They removed my hood, the gag, the straitjacket and handcuffs after we entered a room. They left their black ski masks on. The room was around ten feet square. A dim yellow light bulb in the center of the ceiling provided illumination. The one scarred wooden table with three folding chairs was placed in the center of the room. Otherwise, the room was bare and windowless. And unheated. I sat on one side of the table and the two hooded thugs sat opposite, and faced me. I could just make out their eyes through the slits.
I had not uttered a word. Rather I’d done some sober planning during the ride from the hotel. Conjuring up a cover story for the impending interrogation. They allowed me to slip my overcoat back on.
“You listen to me,” the tall one began in accented English after we were seated at the cigarette stained table. “We can do this the easy way. Or . . .” I remained silent, staring straight ahead. “You tell us who you are and what you’ve been doing here the past two days. Trust me, we are going find out one way or the other. Clear enough?”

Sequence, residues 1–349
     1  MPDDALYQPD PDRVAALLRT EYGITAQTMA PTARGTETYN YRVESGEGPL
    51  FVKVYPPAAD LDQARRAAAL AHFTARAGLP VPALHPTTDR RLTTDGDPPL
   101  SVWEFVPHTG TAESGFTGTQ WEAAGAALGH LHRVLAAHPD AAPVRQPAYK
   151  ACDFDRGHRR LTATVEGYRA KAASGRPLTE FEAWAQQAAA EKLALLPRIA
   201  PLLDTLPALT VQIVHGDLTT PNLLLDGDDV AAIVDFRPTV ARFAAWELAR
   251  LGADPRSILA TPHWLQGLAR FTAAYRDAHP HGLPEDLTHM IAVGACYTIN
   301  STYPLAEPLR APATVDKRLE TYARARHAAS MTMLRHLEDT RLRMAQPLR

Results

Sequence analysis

I muttered that it was clear.
“I can’t hear you,” he shouted behind his black hood.
“Yes, that’s clear. I can explain,” I replied, raising my voice.
“We’re listening, asshole,” the shorter one chimed in, hands folded in front of him on the table.
“Okay then. Listen. I arrived here two days ago to meet the woman. I wrote love letters to her for months. My pen pal.” They looked at each other. I had composed this line during the fifteen minutes it had taken to drive from the hotel to this warehouse. “I’ve spent the last two days waiting to meet her. She never showed up.”